women 4 hope

Dedicated to addressing women’s issues.


Posted by Catherine Morgan on January 18, 2007


3 goddesses

picture by © Wallagirl75


We all already know we need to get our yearly mammograms. None of us “want” to get it, but we get it anyway because we all know how important early detection is in breast cancer. And, for you women not going that should be: Bad girl! You go and get your mammogram, if the rest of us have to do it, so should you.

I’m NOT going to get into all the reasons we (women of course) need to get a mammogram, that horse has been beaten to death a long time ago. I want to talk about something that we need to do when we get our mammogram, something that the doctors and technicians don’t tell us to do. I’m warning you now, this is going to be hard for most of you.

Let me start off by telling you that I had my mammogram today. It was what they call a “diagnostic” mammogram, as opposed to the normal yearly “routine” mammogram. You get a “diagnostic” mammogram when they have found something that doesn’t appear “normal”, also when you are diagnosed with breast cancer, or following-up after a surgery or biopsy for breast cancer. I know “cancer” is a scary word. But, we need to get over it. We all know people who have had, or in my case, who have died from cancer….It’s not a four letter word that we can’t talk about. We actually do need to talk about it. So, to get back to my story; which is also NOT about cancer.

I was sitting in the waiting room…..Did you ever get in an elevator with four or five other people and feel uncomfortable by the total silence? Well that is kind of what it is like in most mammogram waiting rooms, only you are there for much longer than the standard elevator trip. This was my forth visit to this particular waiting room, in a year. Each time between two and eight other women are sitting there in various stages of the process of getting a mammogram. Some fully dressed with forms to give to the technician, some waiting in their little hospital gowns for the technician to give them their mammogram, and some waiting for the doctor to say it is o.k. to leave or that they need more films. It’s an eclectic group to say the least, and for some reason we all sit in silence. Why is that? We may not have anything in common besides getting a mammogram that particular day, but we are all women….Why don’t we talk to each-other?

The last time I was in this waiting room, I was feeling really stressed and scared. I would have loved it if even just one of the women would have talked to me. Not about the mammogram really, just about anything at all, just to pass the time. This time when I went in, I had no intention of breaking the “code of silence”. But, I had a cough, and I wanted the people in this somewhat small area, to know that I wasn’t sick that it was just my asthma acting up. You know how it is now-a-days, we don’t want to be too close to anyone who might be “contagious”, in this case especially if you might be in the room where someone could be getting treatment for cancer already and their immune system may be compromised. So, I did it. I spoke. I told the four or five women in the waiting room the reason I was coughing. Essentially, breaking the ice.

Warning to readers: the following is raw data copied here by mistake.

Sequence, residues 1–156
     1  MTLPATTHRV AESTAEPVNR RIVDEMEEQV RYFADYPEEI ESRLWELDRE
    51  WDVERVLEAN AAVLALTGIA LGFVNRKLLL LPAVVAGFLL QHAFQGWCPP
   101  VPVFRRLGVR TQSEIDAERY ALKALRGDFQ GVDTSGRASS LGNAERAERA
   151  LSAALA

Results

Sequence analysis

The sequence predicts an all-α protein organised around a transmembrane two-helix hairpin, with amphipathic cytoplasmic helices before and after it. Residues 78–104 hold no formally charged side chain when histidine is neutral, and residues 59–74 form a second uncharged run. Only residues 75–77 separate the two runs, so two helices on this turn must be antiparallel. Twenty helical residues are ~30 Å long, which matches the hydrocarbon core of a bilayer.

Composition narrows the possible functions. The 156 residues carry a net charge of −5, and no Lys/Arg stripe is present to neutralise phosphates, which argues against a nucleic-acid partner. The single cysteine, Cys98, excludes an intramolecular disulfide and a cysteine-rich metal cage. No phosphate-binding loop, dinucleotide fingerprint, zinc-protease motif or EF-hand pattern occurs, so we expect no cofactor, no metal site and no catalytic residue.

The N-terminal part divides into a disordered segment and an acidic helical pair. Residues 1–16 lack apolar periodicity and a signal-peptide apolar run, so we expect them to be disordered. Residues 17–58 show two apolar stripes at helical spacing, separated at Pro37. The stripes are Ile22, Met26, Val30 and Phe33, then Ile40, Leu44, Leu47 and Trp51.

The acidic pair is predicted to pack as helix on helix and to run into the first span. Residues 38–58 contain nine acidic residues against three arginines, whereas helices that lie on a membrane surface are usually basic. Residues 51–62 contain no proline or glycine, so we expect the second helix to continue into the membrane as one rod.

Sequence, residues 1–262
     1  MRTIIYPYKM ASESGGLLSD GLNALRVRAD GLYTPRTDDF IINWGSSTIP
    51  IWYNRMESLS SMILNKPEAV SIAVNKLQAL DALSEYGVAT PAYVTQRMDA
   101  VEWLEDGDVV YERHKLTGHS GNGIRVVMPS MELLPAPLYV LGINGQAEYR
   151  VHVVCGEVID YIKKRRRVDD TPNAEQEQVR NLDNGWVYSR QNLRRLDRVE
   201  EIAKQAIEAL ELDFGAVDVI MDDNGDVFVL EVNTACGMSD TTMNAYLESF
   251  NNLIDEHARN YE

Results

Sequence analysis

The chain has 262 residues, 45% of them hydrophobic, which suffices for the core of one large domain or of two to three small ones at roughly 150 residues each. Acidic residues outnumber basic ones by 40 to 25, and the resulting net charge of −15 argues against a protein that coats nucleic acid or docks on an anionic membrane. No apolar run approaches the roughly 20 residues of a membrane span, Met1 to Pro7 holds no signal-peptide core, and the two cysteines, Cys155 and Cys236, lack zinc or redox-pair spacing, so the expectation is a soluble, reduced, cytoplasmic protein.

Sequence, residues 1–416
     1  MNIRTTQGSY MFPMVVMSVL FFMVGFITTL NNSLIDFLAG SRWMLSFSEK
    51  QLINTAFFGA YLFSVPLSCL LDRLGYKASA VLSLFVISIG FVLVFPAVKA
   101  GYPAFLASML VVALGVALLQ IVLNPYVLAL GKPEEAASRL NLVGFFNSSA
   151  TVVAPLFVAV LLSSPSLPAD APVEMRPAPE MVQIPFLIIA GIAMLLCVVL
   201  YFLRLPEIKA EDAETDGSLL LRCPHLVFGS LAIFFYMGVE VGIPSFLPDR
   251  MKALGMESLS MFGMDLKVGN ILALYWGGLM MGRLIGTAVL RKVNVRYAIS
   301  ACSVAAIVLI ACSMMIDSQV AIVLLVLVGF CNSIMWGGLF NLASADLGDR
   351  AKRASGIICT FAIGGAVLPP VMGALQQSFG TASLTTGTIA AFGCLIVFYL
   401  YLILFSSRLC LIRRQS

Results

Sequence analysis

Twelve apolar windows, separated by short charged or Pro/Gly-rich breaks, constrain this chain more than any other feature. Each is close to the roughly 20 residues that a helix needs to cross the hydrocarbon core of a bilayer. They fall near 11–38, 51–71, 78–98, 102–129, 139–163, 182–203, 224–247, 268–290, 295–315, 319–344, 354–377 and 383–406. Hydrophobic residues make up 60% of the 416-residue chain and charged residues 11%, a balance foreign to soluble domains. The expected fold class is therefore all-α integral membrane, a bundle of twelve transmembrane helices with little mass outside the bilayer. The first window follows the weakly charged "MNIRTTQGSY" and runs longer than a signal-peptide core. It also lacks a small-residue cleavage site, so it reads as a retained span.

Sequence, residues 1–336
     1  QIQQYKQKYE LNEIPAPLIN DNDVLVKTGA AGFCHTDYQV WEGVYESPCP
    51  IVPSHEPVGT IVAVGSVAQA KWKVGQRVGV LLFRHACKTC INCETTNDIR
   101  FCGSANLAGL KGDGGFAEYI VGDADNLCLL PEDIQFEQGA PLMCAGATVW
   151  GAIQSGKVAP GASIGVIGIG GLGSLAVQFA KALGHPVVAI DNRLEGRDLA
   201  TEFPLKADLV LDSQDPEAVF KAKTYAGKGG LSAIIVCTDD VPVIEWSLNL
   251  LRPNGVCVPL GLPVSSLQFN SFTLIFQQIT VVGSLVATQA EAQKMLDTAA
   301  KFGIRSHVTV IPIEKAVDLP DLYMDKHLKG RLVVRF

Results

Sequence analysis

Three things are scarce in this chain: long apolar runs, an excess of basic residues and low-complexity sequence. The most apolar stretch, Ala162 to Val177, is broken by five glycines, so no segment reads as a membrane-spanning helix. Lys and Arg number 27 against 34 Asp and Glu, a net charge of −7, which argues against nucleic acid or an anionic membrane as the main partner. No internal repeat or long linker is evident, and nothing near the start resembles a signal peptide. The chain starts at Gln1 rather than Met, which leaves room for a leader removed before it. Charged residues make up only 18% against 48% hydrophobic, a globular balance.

A few moments later I noticed the women across from me had a very pretty pair of shoes on. So, I just came right out and told her that I thought so. Then the women with nice shoes and I began to talk, and before you knew it all of the people in the waiting room were making “small-talk” with one and other. For the next hour or so people were coming and going, and all were being engaged in some sort of communication with each-other. I even found out the proper way to cook Mahi Mahi, and I had been wanting to know that for some time (really). Anyway, we talked, we cried (no, not really), we had our boobs squished (yup), and passed the time in a more interesting and less uncomfortable way than usual.

That brings me to THE ONE THING WE NEED TO START DOING WHEN WE GO TO GET OUR YEARLY MAMMOGRAM. Start talking to each-other, get to know the woman sitting next to you in the waiting room, even if it is just for a few minutes. It will make the time pass more quickly, and maybe reduce yours’ or anothers’ stress about being their in the first place.

So, just try it. Let me know how it works out by posting a comment. Spread the word that it is now o.k. to talk in the waiting room. If you are really daring….Try talking to someone in the elevator too!




  1. Ronnie Ann said

    What a wonderful idea! I recently had a mammogram and felt so small and alone and NERVOUS sitting there. I’m sure the other women felt the same. Yet our eyes never met and we each went about our business alone; although we had access to one of the most powerful medicines on earth – the comfort of a woman! Even if the woman prefers not to speak, I think just making an attempt at contact creates a different space. More power to you for your suggestion. I’ll definitely try it next year.

  2. Thank you so much for you comment “Ronnie Ann”. I thought this might be an experience that many other women could relate to. I really appreciate your comment, as I’m just starting out with this site.

    Well, good luck next year.

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